Fred Hoiberg is already feeling the pressure in his second season

SHARE Fred Hoiberg is already feeling the pressure in his second season

Gar Forman wore his summer tan well.

The general manager was in good spirits during Monday’s media day, looking very comfortable with his standing in the franchise.

John Paxson? Same story for the Bulls’ VP of basketball operations. Intense as usual, but no sign of stress caused by job security.

Sure, the two men can talk about accountability, but accountability only reaches so high in the Bulls organization, making Gar/Pax all but immune.

Second-year coach Fred Hoiberg?

He doesn’t share that luxury.

Ending an eight-year playoff run like the Bulls did last season comes with consequences. Considering Hoiberg was a rookie coach last year and just one season into a five-year deal, the blame game shifted to the roster.

There’s a reason Derrick Rose and Joakim Noah are now in New York, and Pau Gasol is a Spur.

However, the Bulls are running out of places to point the finger. No wonder Hoiberg is admittedly feeling the heat.

“Sure, yeah,’’ Hoiberg said, when asked if he was feeling pressure. “I put a lot of pressure on myself. This is a high-pressure job, and I understand that. And again, nobody looked at this thing harder in the offseason than I did, and was harder on themselves than I was. I know that I have a job to do, to try and put these guys into position to go out and win basketball games, and that’s my sole focus, to go out and do that.

“But yeah, the pressures in this job are very high. And again, after games, win or lose, you go back and watch the film and try and make the necessary adjustments.’’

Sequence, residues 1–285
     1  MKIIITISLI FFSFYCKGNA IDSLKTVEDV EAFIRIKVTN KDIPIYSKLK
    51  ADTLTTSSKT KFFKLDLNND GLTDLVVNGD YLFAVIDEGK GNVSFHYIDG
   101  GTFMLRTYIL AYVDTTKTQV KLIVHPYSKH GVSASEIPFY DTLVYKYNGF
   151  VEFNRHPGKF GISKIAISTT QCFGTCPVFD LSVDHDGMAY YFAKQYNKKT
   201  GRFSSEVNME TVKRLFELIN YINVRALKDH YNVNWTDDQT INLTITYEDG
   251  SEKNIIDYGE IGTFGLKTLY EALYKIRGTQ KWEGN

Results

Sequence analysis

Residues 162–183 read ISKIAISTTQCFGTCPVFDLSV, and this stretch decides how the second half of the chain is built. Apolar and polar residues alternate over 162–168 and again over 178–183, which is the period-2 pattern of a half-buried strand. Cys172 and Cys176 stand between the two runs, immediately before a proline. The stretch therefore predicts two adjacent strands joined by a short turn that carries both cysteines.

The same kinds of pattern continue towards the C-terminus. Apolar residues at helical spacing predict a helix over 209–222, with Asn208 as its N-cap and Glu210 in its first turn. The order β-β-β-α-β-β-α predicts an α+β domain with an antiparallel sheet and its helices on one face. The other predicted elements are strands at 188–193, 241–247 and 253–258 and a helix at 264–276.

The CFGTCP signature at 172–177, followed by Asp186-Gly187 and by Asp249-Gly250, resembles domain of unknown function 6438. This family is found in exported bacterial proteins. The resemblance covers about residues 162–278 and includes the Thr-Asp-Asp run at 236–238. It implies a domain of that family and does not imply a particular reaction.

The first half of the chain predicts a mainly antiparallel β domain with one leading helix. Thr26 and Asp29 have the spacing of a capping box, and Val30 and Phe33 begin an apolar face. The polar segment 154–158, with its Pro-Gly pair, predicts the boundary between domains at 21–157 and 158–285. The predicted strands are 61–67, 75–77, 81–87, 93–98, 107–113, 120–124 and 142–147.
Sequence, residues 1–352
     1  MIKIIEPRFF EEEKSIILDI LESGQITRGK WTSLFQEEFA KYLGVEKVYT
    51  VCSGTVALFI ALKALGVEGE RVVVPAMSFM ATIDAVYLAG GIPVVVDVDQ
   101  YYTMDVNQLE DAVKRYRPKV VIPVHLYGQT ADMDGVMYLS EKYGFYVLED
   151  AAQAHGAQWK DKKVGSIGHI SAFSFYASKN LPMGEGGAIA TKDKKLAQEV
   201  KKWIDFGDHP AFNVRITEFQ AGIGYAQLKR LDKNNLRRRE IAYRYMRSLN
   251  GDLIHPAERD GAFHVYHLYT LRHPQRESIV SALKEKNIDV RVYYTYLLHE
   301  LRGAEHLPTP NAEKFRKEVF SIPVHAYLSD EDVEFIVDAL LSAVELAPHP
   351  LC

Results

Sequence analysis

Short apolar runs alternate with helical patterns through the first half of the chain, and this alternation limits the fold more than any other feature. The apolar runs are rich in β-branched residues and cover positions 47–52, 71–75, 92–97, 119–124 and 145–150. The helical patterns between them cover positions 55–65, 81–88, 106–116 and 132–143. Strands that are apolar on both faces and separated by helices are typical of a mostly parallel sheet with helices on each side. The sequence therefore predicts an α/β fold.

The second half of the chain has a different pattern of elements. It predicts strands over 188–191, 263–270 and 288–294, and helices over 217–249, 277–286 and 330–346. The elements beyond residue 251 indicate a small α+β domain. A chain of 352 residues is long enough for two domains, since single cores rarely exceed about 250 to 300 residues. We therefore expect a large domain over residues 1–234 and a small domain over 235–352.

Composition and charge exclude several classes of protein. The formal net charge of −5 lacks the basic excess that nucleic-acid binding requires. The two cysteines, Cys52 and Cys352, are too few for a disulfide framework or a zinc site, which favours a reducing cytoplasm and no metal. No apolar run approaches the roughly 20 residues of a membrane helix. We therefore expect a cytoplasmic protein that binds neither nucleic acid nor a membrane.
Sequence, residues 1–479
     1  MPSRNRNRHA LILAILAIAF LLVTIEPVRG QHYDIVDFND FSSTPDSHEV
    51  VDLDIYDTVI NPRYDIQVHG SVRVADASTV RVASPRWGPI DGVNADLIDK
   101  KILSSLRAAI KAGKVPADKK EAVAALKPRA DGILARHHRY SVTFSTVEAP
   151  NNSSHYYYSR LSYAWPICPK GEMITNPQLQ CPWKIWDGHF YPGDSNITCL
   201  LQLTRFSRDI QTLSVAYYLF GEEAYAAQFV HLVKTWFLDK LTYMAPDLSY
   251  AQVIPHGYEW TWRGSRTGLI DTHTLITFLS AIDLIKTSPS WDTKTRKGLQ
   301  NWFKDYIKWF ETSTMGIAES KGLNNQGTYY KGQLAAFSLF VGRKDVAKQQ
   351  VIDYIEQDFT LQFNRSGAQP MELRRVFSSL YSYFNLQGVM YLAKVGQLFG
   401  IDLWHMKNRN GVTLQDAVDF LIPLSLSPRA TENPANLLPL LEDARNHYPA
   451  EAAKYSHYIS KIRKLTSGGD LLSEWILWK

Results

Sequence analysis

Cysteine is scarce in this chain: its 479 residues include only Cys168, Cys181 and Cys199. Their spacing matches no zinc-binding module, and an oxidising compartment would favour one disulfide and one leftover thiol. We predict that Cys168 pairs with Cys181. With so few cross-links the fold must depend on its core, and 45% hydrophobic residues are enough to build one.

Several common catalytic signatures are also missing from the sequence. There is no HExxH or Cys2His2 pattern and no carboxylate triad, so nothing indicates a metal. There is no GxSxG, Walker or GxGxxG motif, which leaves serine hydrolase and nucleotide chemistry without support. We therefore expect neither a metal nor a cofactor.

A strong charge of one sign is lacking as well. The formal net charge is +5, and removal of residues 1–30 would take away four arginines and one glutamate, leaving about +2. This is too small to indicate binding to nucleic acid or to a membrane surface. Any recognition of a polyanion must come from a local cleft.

Atop that adjustment priority list for Hoiberg is making sure the communication between coach and player is alive and well.

There were some struggles in that department last season, whether it was Hoiberg and Noah disagreeing on the big man’s benching or Jimmy Butler publicly neutering Hoiberg by insisting he needed to coach harder. Neither was a good look.

This summer, Hoiberg has had frequent talks with Butler, as well sitting down with new veteran additions Rajon Rondo and Dwyane Wade.

“I told Fred, ‘As much as you can, use me as an example. I want you to really get on my tail about every little thing,’ ‘’ Butler said Monday. “Because if Doug [McDermott] or Tony [Snell] or whoever it may be is watching coach talk to me like that, it’s going to be like, ‘If he can talk to Jimmy like that, I know he’s going to come at me a certain way.’ That’s what I try to remind him every day. I think he’s ready for that. I’m a player. I’m coachable like everybody else. I want that. I need that.’’

And if this is going to work Hoiberg needs to supply that.

Sure, the defense needs to be better, the team needs to play harder and with more toughness, but Hoiberg needs the respect of the locker room first and foremost.

“The big thing about making this work is having communication,’’ Hoiberg said. “I’ve had really good conversations with Rajon, with Dwyane. We’ve watched a lot of film together and shared ideas. Does that add extra pressure? No. I feel a lot of pressure, and any coach that sits in this chair on media day is feeling the same way. So you go out there and you try putting your guys in the right positions, and I’m confident we’ll do that.’’

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